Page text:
"Oh, pal of mine," said his lordship. "Why?"
"I can't stand the fellow."
"I think he's a good chap," said his lordship. "In fact," remembering Jimmy's Good Samaritanism, "I know he is. Why don't you like him?"
"I don't know. I don't."
"Oh?" said his lordship, indifferently. He was in no mood to listen to the likes and dislikes of other men.
"Look here, Dreever," said Hargate, "I want you to do something for me. I want you to get Pitt out of the place."
Lord Dreever eyed his guest curiously.
"Eh?" he said. Hargate repeated his remark.
"You seem to have mapped out quite a program for me," said Lord Dreever.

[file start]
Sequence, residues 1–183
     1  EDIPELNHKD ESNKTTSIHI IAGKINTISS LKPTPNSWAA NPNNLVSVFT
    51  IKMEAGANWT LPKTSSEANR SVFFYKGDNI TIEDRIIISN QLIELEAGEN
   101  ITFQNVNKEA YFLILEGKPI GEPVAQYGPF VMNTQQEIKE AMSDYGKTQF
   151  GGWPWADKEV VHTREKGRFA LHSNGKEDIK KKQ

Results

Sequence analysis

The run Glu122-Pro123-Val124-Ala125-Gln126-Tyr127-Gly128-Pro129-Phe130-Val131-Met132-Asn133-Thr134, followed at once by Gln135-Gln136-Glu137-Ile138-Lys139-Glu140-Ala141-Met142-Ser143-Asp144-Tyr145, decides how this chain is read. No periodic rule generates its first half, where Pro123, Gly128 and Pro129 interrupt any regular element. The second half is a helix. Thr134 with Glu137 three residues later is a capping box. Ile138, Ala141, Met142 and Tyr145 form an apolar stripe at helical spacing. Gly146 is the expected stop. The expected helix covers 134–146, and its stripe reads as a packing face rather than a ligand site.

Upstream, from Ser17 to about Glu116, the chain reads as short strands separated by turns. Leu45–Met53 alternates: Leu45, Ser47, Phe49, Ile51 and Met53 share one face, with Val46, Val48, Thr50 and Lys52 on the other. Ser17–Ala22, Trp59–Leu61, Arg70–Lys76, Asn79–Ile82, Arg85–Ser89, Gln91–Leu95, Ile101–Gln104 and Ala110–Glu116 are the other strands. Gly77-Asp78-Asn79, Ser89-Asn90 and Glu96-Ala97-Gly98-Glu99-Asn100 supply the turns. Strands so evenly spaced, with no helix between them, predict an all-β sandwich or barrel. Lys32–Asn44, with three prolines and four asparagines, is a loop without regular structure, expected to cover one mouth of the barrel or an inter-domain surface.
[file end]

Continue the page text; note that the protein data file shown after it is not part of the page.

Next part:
"Get him out of it," continued Hargate vehemently. Jimmy's prohibition against billiards had hit him hard. He was suffering the torments of Tantalus. The castle was full of young men of the kind to whom he most resorted, easy marks every one; and here he was, simply through Jimmy, careened like a disabled battleship. It was maddening. "Make him go. You invited him here. He doesn't expect to stop indefinitely, I suppose? If you left, he'd have to, too. What you must do is to go back to London to-morrow. You can easily make some excuse. He'll have to go with you. Then, you can